The Marriage-Go-Round: The State of Marriage and the Family in America Todayby Andrew J. Cherlin
Pub. Date: 04/14/2009
Publisher: Knopf Doubleday Publishing Group
I have been writing about American families for three decades, but I began to develop the idea for this book only in the past few years. It seemed to me that family life in the United States was different from that of other Western countries-in a way no one really understood. In none of the other countries has marriage become a social and political battlefield.… See more details below
I have been writing about American families for three decades, but I began to develop the idea for this book only in the past few years. It seemed to me that family life in the United States was different from that of other Western countries-in a way no one really understood. In none of the other countries has marriage become a social and political battlefield. Nowhere else is the government spending money to promote marriage. In no other Western country would a person walking down the street see the advertisement I have seen on the sides of buses: a smiling couple proclaiming, "Marriage works."
- Knopf Doubleday Publishing Group
- Publication date:
- Product dimensions:
- 9.50(w) x 6.68(h) x 1.13(d)
Table of Contents
1 How American Family Life Is Different 13
2 The Historical Origins of the American Pattern, 1650-1900 36
3 The Rise of the Companionate Marriage, 1900-1960 63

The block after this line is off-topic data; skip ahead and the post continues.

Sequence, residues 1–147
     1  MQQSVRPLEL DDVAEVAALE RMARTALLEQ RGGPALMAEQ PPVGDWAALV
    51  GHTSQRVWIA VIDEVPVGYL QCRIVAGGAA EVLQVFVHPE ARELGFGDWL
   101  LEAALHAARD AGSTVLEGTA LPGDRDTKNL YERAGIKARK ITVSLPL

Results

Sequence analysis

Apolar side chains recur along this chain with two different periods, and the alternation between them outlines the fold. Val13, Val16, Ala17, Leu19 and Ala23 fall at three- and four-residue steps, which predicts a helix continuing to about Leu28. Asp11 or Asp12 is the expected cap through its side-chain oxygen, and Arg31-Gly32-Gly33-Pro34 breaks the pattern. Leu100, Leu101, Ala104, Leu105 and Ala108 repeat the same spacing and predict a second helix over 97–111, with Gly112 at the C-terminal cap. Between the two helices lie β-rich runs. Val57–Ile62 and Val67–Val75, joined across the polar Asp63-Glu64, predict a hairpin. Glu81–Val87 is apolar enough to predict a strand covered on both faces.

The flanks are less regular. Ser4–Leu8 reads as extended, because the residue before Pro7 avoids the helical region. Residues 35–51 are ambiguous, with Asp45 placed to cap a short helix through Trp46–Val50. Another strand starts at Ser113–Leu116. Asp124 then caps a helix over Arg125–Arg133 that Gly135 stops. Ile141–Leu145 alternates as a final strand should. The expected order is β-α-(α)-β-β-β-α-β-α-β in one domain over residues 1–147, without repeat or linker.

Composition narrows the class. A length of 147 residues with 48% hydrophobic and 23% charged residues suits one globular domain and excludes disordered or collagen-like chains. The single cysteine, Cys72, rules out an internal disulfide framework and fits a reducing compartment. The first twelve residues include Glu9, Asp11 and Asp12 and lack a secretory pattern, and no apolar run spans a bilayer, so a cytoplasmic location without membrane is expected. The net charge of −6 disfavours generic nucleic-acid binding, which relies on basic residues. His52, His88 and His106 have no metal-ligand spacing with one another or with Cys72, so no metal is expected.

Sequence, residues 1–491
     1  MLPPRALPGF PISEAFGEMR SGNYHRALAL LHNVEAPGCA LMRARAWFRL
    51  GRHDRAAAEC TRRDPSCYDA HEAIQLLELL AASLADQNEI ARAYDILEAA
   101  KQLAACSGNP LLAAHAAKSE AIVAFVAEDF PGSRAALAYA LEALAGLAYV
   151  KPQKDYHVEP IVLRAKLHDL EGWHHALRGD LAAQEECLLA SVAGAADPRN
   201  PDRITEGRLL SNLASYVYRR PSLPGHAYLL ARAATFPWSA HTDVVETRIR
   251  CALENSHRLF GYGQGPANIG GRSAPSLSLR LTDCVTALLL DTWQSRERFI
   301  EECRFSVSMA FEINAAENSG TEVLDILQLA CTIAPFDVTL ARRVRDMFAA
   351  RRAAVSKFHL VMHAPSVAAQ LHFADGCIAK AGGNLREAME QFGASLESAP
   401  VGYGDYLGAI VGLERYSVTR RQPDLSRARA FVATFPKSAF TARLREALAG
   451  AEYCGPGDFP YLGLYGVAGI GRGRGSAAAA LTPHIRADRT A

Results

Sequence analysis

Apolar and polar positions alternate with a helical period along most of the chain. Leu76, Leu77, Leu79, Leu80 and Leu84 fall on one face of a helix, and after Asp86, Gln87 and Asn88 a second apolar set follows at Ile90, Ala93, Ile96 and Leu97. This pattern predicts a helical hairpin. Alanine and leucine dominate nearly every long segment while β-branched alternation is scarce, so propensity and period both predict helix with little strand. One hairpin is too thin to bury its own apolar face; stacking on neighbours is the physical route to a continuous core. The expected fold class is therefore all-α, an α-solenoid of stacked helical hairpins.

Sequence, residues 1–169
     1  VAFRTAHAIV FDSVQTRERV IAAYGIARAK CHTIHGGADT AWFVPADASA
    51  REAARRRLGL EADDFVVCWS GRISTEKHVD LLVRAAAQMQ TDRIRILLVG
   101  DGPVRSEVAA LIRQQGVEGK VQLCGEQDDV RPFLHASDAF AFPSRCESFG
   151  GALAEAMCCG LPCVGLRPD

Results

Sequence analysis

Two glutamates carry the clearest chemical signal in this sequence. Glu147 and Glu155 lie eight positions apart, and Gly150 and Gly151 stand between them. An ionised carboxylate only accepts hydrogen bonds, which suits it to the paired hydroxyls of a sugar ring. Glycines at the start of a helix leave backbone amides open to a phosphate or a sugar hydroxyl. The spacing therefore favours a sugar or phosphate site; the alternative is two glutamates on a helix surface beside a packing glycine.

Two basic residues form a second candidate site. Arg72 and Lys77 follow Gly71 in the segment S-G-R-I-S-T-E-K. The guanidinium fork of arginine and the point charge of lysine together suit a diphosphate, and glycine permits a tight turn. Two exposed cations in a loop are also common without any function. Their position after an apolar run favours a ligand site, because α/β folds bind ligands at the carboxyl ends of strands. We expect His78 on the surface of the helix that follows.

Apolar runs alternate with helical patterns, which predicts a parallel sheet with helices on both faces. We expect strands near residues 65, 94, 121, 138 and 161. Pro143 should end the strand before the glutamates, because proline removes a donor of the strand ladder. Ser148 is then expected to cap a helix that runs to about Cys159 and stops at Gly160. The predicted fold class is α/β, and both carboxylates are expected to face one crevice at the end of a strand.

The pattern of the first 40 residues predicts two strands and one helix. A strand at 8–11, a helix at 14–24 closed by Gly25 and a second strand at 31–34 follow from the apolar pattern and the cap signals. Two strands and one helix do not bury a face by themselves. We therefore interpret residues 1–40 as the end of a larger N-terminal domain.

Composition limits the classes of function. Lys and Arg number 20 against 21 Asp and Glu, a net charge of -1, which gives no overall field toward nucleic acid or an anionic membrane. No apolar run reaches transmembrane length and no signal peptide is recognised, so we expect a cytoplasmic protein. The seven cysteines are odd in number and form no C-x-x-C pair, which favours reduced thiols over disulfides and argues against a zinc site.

4 The Individualized Marriage and the Expressive Divorce, 1960-2000 87
5 The American Way of Marriage 116
6 The M-Factor 144
7 Blue-Collar Blues/White-Collar Weddings 159
8 Slow Down 181
Appendix: Charts 203
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Most Helpful Customer Reviews
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Excellent book that discusses the situation with marriage in the US. Highly recommended.
The author has enough credentials to write such a book and he stands true to the sociologist outlook and the structural functionalist point of view. The statistics on like-countries and specific court dates are just two examples of the details of information used to provide strength to the overall purpose. He attempts to mesh historical accounts of all kinds, making clarity suffer, but there was not a lack of organization which did allow for easier reading. Overall, the book was well written and the theories were sound. A good read for professionals and students alike who are interested in the time line of the American family and why divorce is a hot-button topic today.